Republicans on Capitol Hill haven’t gained any traction in their plans for a wholesale repeal of the Affordable Care Act, so they are looking to take it apart piece by piece. The current target is the Independent Payment Advisory Board, a 15-member panel created under the health law to slow the growth in Medicare spending. The House Energy and Commerce Committee’s Subcommittee on Health recently approved a bill to repeal the panel and other House committees are expected to follow suit.
But while the IPAB has been derided by physicians as unelected and unaccountable, President Obama has heralded it as a major cost control tool. Despite the bill’s success so far in the House, it is not expected pass the Democratic-controlled Senate.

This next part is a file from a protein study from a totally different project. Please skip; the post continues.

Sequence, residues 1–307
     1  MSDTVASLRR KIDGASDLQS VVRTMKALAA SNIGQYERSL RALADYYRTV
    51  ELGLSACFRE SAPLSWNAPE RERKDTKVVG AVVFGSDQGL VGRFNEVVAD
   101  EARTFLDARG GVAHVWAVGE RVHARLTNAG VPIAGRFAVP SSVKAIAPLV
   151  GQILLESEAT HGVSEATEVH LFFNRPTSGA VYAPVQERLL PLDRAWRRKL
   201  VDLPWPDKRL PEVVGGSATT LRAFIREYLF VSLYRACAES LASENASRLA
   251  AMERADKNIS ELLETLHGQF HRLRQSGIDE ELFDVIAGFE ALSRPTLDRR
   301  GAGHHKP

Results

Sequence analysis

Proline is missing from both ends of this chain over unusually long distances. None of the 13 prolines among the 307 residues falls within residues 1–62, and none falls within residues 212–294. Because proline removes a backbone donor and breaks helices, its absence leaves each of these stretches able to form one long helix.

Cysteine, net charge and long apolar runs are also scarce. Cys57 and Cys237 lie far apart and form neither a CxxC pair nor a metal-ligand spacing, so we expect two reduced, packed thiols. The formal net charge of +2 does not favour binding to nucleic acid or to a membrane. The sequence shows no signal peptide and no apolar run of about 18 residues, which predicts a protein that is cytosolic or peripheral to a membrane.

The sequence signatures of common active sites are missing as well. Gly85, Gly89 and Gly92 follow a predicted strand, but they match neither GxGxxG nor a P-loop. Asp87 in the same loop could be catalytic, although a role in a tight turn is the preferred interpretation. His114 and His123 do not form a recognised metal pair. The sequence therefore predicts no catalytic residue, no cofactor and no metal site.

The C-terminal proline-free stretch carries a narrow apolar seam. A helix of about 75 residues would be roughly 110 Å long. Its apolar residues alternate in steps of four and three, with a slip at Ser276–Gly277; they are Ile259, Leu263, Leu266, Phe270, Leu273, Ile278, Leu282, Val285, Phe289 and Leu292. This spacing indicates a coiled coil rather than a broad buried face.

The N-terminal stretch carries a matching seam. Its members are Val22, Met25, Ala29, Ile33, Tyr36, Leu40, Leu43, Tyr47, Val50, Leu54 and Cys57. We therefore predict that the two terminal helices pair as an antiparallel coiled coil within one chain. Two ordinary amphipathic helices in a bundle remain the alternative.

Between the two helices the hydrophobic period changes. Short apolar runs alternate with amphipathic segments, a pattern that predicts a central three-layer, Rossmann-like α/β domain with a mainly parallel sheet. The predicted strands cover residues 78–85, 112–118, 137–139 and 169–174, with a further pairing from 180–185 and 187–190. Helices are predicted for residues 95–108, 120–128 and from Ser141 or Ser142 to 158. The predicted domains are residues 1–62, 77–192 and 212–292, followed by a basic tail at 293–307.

Meanwhile, controversy continues over the inclusion of contraceptives as a free preventive service under the Affordable Care Act. Many lawmakers aren’t satisfied with the Obama administration’s plan to overcome the objections of religious employers by requiring their health plans to provide the contraception directly. Last week, Sen. Roy Blunt (R-Mo.) offered legislation that would have allowed any employer to deny coverage for health services based on their religious or moral beliefs. The amendment was defeated in a 51 to 48 vote.
Check out this week’s podcast for all the details on these health care controversies and the latest on the deliberations of the Patient-Centered Outcomes Research Institute.